The college search for athletes is usually different than for non-athletes, but a similar search process can be followed. I’m going to share tips for how to help a student athlete who wants to play sports in college kick off his or her college search process.
The process I am going to lay out can be followed for any student wanting to play at a school’s competitive sports level, regardless of what division (Div 1, Div 2, Div 3, NAIA). Students interested in intramural or club sports should follow the standard non-athlete college search process.
I have helped two of my daughters through the standard college search process. My third daughter, a sophomore in high school, wants to play college volleyball. We were caught a bit off guard her freshman year during club volleyball season when college coaches started to show interest. We realized it was time to learn about and kick off the recruiting process. She’s also a great student so college can’t just be about who wants her to play volleyball. Her academics will be very important too. I have been researching and thinking through how to customize her college search to combine the recruiting process with a more standard college search process.
Starting the College Recruiting Process/College Search for Athletes
Step 1: Understand what division is best suited for your student athlete
Coaches and recruiters who get a chance to see your athlete play will be able to form an impression of what division is a best fit skill-wise. If Division 1 coaches are showing interest, your student may be a good fit for Division 1 schools.
If your student hasn’t gotten any specific feedback yet on what division may be a fit, attending a showcase or college camp may be a good way to find out how your student’s athletic talent measures up.
Additionally, your student needs to determine how big of a part of college he or she wants athletics to be. For example, a Division 1 program will require a larger time commitment than a Division 3 program. I have often heard that in Division 1 it’s athletics first, academics second, but in a Division 3 program, it’s the opposite. This is something that is hard to generalize though as it will vary by school. It is definitely a question your student should ask of any program he or she explores.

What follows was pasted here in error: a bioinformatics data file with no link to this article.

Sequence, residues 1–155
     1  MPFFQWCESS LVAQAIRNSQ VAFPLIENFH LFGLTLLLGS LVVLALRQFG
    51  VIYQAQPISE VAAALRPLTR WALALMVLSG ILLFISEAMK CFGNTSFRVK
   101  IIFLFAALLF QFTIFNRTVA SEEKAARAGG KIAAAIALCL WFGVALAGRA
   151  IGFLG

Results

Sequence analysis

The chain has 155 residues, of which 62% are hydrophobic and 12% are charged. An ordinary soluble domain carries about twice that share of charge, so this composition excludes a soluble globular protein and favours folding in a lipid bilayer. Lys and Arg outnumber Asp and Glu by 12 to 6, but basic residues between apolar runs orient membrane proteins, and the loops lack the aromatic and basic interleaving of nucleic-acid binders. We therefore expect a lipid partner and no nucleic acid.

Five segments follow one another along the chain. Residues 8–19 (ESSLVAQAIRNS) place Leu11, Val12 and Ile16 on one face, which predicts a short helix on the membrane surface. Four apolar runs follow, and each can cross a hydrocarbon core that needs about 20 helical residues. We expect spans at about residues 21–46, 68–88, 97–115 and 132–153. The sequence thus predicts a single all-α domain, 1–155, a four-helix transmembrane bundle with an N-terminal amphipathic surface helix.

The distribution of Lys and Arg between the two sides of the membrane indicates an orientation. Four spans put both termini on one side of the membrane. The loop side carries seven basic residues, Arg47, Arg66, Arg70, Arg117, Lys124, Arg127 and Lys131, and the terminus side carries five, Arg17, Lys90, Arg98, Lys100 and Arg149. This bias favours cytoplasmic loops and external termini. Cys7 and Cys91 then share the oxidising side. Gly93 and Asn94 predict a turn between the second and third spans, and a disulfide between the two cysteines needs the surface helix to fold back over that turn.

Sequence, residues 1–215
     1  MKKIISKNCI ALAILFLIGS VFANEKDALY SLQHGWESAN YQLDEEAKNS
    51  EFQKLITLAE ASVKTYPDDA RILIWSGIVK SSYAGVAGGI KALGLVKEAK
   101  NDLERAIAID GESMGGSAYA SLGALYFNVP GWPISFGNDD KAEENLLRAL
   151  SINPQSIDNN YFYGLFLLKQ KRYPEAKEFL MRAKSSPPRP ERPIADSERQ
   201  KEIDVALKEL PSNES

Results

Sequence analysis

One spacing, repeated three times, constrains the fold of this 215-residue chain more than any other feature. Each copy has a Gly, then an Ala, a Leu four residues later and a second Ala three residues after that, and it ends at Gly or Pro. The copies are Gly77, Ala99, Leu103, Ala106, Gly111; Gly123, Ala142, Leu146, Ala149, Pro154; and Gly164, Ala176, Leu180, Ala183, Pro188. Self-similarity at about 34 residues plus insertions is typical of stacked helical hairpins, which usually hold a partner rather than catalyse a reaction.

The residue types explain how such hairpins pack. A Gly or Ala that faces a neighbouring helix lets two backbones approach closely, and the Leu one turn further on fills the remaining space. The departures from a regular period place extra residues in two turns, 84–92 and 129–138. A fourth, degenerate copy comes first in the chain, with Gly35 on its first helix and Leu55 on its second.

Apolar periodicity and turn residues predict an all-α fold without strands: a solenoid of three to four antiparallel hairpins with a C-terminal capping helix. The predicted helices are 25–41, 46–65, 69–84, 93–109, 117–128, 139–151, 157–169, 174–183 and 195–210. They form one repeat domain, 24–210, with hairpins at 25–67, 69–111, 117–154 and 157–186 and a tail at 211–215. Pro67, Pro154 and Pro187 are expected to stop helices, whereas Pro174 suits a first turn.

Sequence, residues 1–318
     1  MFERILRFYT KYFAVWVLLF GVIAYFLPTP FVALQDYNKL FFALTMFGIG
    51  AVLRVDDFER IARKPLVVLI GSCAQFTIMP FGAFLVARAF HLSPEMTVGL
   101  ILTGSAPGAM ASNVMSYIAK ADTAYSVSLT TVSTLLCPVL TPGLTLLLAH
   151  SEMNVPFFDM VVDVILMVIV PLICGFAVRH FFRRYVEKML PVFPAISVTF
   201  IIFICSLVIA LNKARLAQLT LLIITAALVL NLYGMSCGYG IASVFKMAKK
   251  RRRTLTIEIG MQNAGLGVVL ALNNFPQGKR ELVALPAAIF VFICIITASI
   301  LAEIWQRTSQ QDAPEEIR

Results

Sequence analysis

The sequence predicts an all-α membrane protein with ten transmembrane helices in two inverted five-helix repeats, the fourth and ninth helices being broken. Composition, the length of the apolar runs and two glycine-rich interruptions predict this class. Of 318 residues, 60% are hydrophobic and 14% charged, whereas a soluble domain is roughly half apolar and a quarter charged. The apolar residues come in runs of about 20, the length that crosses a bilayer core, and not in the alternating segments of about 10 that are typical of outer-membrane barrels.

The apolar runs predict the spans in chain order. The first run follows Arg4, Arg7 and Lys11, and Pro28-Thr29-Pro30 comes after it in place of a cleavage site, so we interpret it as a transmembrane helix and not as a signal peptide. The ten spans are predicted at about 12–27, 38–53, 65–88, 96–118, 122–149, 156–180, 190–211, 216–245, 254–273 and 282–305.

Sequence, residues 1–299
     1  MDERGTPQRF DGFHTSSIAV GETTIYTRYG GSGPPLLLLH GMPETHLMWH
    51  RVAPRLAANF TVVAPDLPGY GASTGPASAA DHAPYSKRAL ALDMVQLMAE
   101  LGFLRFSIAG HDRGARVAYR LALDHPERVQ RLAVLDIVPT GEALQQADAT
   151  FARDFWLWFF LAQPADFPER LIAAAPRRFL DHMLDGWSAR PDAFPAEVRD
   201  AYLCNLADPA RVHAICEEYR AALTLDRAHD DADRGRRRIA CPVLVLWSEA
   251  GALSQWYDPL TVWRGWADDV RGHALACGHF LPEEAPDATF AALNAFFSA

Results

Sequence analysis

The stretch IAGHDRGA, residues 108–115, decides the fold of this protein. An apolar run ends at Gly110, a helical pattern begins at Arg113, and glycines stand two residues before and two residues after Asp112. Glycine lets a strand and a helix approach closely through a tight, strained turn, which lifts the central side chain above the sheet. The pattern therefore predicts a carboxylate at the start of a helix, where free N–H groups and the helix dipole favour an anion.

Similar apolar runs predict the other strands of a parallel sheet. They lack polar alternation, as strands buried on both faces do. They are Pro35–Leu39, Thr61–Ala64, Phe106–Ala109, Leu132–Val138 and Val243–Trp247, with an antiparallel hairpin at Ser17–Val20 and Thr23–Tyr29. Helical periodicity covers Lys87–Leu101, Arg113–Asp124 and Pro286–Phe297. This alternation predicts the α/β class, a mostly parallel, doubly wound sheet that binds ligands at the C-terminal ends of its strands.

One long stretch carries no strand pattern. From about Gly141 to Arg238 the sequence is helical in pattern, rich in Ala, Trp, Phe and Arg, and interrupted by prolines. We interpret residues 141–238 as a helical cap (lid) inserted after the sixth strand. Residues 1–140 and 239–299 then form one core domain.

You probably already know that Division 1, Division 2 and NAIA schools can give athletic scholarships, but Division 3 cannot. With this in mind, you need to discuss what division you are shooting for and why.
If your student has excellent grades and ACT/SAT scores, he or she might be in line for merit-based scholarships. These could make a Division 3 school just as appealing, or more appealing, than a school offering athletic scholarships, depending on the size of the respective scholarships.
Step 2: Decide how important academics will be
The college search for athletes should take into account both how good of a student your student athlete is and how important the academic side of college will be to him or her. Or another way to put it, how “into school” he or she will be.
The more important the level of academics in college will be, the more the athlete’s college search needs to be a mix of a traditional college search process along with the athletic recruiting process.
If the level of academics is not very important, your student athlete can really focus in on the athletic recruiting process and let that take him or her where it will. If the level of academics is more important, your student athlete should be more selective about what colleges he or she contacts during the recruiting process.
Step 3: Find schools in your student’s preferred division(s) that also meet other criteria
If you and your student athlete have decided to just let the athletic recruiting process take him or her where it will, this step will not be as important. However, I think it is always a good idea to at least consider the majors that are offered and other things about a school that might keep your student wanting to be there besides the athletic program.
What is your student interested in studying? Perform an initial college search on a site like Big Future that allows you to select both majors and sports (along with divisions) as part of the search criteria.
What type of school size and location would your student prefer? These are also searchable on a college search site.
Step 4: Start a college search/recruiting spreadsheet
I have modified my College Search Spreadsheet template, found under Resources, to create a new athletic recruiting spreadsheet that will apply to the college search for athletes. You can download that for free here: College Search Recruiting Spreadsheet. I recommend starting with this version and adding/changing any columns you need to. It is a Microsoft Excel spreadsheet. Please contact me if you don’t have Excel and would like a different version.
Once you have a spreadsheet ready, start listing out the schools your student athlete is interested in based on the steps above.
Step 5: Start contacting coaches
Now it’s time to start contacting coaches and updating the information on the spreadsheet. If you need tips on how to go about this process, one of my upcoming posts will be on the best resources to help you figure out what to do in the athletic recruiting process. Sign up for my weekly newsletter to get notified when that post is available.
There are more steps in the college recruiting process. It will be important to work with a coach, recruiting director, or other adviser to help you and your student make the most of this process. My steps above are just the beginning and are meant to help kick of your college search in the right direction taking athletics and other aspects of college into account.